Fiscal hopes keep stocks afloat

Stocks extended the winning streak for a second consecutive week through Thursday as bargain hunters placed new bets on selective issues, keeping an eye on the national budget.

Finance Minister AHM Mustafa Kamal on Thursday unveiled a budget of Tk 6.78 trillion for the financial year 2022-2023.

This week saw five trading days as usual, with three sessions ending down and two up.

Week on week, DSEX, the key index of the Dhaka Stock Exchange (DSE), climbed 28.77 points or 0.45% to settle at 6,480.30. The DSEX has climbed over 242 points in the past two weeks.

Market analysts said regulatory initiatives as well as positive national budget expectations could encourage investors to bet on lucrative stocks.

“Positive regulatory initiatives and the anticipation of a capital market-friendly fiscal statement kept investors hopeful,” EBL Securities said.

However, the overall macroeconomic scenarios continue to be a matter of concern, he added.

Investors showed their buying appetite for general insurance, bank and non-bank financial institution issues throughout the week, according to International Leasing Securities.

Investors were taking a stand on sector issues anticipating a corporate tax cut in the national budget, the stockbroker said.

The Minister of Finance has proposed a 2.5% reduction in corporate tax for listed and unlisted companies in the draft budget for the financial year 2022-23, provided that all receipts and income are processed by bank transfer.

The Minister of Finance has proposed a tax rate of 20% instead of the existing 22.5% for listed companies that issue shares worth more than 10% of their paid-up capital through a first call public savings.

However, the tax rate will remain at 22.5% for listed companies that issue shares worth 10% or less than 10% of their paid-up capital.

“The corporate tax cut for listed companies will have a positive impact on the market,” a DSE official said.

However, the tax gap would remain unchanged for listed and unlisted companies at 7.50%, which analysts said would discourage unlisted companies from going public.

Stock market intermediaries have long pushed to widen the tax gap between listed and unlisted companies to at least 10% to attract successful companies to the market.

This week, the general insurance sector recorded a phenomenal gain of 11.3 on anticipation of the introduction of “bancassurance” in the country.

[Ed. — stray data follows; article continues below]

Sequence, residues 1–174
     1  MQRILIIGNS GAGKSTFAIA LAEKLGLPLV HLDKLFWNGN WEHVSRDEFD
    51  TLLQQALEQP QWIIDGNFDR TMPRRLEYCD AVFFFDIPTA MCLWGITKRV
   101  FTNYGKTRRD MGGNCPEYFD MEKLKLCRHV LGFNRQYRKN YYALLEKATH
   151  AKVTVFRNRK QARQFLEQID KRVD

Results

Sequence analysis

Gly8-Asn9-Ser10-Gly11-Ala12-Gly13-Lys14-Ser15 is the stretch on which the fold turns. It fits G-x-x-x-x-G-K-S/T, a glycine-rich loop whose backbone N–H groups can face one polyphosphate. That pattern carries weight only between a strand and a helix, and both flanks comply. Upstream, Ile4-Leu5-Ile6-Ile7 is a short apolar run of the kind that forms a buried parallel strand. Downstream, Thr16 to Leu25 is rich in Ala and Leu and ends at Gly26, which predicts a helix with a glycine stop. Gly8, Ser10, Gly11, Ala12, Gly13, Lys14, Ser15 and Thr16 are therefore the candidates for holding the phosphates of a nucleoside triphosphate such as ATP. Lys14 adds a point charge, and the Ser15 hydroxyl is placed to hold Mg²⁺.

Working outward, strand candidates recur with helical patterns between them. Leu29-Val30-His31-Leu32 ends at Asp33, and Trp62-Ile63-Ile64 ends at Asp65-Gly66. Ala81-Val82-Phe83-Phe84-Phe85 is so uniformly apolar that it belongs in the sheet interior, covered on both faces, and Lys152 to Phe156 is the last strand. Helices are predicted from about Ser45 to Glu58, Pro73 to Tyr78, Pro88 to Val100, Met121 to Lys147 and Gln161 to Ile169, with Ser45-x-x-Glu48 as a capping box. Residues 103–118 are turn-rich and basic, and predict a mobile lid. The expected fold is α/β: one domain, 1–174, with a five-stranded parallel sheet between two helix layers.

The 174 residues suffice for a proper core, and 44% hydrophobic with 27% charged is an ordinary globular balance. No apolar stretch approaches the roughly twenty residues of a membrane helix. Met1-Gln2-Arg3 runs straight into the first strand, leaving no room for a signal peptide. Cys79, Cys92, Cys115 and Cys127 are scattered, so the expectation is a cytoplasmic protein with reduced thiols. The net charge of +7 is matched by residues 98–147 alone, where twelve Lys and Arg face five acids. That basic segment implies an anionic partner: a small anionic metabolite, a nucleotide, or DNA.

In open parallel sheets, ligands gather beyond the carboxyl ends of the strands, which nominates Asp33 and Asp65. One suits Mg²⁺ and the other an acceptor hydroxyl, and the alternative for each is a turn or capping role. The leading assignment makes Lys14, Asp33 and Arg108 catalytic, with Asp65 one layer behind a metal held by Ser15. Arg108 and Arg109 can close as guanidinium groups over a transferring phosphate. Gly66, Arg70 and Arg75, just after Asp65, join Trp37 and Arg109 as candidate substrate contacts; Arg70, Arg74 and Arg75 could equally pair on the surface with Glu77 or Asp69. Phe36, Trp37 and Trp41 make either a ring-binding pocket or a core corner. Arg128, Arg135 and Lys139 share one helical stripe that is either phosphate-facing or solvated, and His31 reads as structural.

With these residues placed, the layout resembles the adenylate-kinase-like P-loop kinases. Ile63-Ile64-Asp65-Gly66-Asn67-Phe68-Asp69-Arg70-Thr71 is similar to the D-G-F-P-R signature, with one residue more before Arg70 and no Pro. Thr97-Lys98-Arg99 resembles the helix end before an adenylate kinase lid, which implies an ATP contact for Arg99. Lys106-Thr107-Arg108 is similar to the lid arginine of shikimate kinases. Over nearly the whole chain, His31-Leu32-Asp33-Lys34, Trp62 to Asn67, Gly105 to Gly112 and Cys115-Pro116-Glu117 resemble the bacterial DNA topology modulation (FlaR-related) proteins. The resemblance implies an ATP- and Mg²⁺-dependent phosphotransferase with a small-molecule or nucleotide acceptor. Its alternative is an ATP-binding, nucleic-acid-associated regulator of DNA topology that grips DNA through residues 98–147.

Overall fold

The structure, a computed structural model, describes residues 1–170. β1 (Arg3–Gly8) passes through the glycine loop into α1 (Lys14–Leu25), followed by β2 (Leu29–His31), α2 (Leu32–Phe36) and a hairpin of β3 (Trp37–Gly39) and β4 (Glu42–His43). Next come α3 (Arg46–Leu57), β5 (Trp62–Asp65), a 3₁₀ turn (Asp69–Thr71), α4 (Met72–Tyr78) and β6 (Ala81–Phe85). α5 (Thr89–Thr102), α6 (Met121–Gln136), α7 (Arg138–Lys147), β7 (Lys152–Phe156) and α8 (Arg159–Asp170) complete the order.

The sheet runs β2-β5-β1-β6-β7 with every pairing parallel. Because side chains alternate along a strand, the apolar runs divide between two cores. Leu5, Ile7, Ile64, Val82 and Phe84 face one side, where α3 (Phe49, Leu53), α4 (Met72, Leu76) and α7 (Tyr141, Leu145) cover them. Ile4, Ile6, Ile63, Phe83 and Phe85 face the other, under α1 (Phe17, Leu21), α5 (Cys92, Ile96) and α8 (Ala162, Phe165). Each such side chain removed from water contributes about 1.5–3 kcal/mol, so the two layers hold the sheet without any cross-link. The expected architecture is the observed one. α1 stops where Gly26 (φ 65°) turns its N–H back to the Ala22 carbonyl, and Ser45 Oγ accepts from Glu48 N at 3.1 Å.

The banking, electricity, financial institutions and telecommunications sectors also gained 2.0%, 0.80%, 0.80% and 0.80% respectively.

The total turnover for the week also reached 43.42 billion taka on the main exchange against 39.26 billion taka the previous week.

Daily turnover averaged 8.68 billion taka, up 10.59 percent from the previous week’s average of 7.85 billion taka.

Two other indices also ended up. The DS30 index, composed of blue chips, advanced 3.30 points to end at 2,352.38 while the DSE Shariah Index (DSES) gained 1.98 points to close at 1,413.76.

Of 389 issues traded, 206 advanced, 157 declined and 26 remained unchanged.

Paramount Insurance was the week’s biggest gainer, posting a 26.41% gain, while Trust Bank was the worst loser, losing 12.34%.

The Chittagong Stock Exchange (CSE) also rose with the CSE All Share Price Index (CASPI) rising 134 points to 19,025 and its Selective Categories Index (CSCX) gaining 81 points to close the week at 11,410.

Of the issues traded, 197 advanced, 132 declined and 25 issues remained unchanged on the CSE trading floor.

The port city stock exchange traded 44.51 million shares and mutual fund units with a turnover value of 1.30 billion taka.

Meghna Insurance, meanwhile, made a blistering trading debut on Wednesday as its shares closed at Tk 12.10 each on Thursday, climbing 20% ​​in the two consecutive sessions, from its issue price of Tk 10 each. .

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